Christmas is almost upon us. Whilst most of us look forward to this day, the period leading up to it can also be very stressful to some. If you are from a large family, you may have lots of presents to buy. For me, I had to start getting presents ready and cards made (card-making is one of the few creative outlets I have and is very therapeutic) a month ahead of time just so I can get to the post office and make sure everything is shipped to my overseas friends in time (at the time of writing, it would appear that three weeks before Christmas might still not be enough time!).
Usually this time of the year is also a time when many companies wind down and take a breather after a busy year. For me, I have been working on a project that is scheduled to be implemented in early February, which means that, in fact, the majority of our work had to be completed just before Christmas. So, instead of being able to take it easy, my team and I have been busier than ever, especially since most of the team will be on leave for the holiday season.
Whatever news reports may say of the retail sector suffering what with the economy being slow and people not being able to afford the indulgences of years pre-GFC, the shops are still busy and popular gifts are sold out. Everywhere I go, there are still people rushing into the shops and lining up at the cash registers. No doubt the madness will ramp up even more on Christmas Eve as people rush out to get those last-minute gifts for unexpected visitors or just because they had been too busy to do their shopping any earlier.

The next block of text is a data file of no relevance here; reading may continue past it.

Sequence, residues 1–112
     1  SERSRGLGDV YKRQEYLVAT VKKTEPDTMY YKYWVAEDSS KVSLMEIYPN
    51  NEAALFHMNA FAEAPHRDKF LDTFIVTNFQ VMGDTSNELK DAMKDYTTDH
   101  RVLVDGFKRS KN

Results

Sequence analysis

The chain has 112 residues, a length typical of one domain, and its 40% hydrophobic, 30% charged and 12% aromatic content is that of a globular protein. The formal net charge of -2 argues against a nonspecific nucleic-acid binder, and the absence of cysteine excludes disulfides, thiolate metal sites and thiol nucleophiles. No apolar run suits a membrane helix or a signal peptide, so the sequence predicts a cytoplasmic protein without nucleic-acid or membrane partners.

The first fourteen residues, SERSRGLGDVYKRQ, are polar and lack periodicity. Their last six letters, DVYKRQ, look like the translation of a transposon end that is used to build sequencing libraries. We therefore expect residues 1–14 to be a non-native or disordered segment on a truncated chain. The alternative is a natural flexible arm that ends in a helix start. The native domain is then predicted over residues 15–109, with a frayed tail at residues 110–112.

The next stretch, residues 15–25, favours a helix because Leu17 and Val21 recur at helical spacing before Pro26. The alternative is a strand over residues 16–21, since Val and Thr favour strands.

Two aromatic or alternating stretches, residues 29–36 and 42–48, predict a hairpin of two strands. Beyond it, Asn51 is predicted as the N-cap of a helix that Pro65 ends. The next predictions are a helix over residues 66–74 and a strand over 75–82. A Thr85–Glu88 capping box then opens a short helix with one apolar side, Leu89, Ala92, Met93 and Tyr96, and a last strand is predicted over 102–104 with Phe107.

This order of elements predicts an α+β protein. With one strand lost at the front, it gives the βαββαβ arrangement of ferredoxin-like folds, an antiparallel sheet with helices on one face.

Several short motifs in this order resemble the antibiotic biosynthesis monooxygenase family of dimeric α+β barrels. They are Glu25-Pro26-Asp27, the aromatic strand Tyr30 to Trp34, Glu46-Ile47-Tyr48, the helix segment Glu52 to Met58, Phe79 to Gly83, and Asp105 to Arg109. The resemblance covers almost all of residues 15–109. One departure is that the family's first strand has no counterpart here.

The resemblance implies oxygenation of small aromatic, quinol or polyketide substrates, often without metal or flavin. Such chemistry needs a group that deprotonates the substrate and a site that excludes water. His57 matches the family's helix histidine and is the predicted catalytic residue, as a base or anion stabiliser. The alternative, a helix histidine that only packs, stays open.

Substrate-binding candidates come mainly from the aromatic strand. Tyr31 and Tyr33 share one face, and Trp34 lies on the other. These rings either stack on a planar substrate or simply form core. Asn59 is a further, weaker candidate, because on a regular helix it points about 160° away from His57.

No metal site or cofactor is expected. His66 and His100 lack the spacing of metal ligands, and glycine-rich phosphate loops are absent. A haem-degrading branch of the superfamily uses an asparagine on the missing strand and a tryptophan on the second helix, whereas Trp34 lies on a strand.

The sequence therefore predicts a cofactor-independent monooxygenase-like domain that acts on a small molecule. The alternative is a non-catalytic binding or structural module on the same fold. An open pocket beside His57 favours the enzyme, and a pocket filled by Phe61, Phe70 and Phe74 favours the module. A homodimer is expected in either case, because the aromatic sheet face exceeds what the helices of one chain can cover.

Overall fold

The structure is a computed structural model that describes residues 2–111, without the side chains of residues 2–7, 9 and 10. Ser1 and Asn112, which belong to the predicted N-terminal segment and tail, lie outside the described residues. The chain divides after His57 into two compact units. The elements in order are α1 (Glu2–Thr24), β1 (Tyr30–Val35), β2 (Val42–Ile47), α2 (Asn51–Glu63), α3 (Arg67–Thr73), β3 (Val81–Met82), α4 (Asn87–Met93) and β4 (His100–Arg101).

It reminds me of the very first record (yes, I am talking vinyl here) I owned – the Chipmunks’ Christmas. On the record, there was a song where last-minute shoppers are rushing to buy toys for their kids and complaining that they didn’t come with batteries. Amidst the madness was a poor mother who could not afford the harmonica that her sick son coveted. In the end, Alvin realised that he didn’t need the golden harmonica he so wanted and gave it to the sick boy instead.
Some call this the “silly season”. As a practicing Catholic, this is quite contrary to the importance of the occasion – the birth of Christ, our Saviour. Even if you are not Catholic or Christian, perhaps it is apt, in all your rush and madness, to take the time out and be still. Reflect on the year past; reflect on all that you have and forget about all that you don’t. On Christmas day, when it starts getting stressful about guests visiting or worrying about burning the turkey or not having enough food for all, or the dishwasher breaking down, take a deep breath and be still for a moment. If you are lucky enough to be able to afford it, bask in the joy of gift-giving. Be grateful for all the gifts that you receive. Count your blessings and enjoy the day.
Merry Christmas xox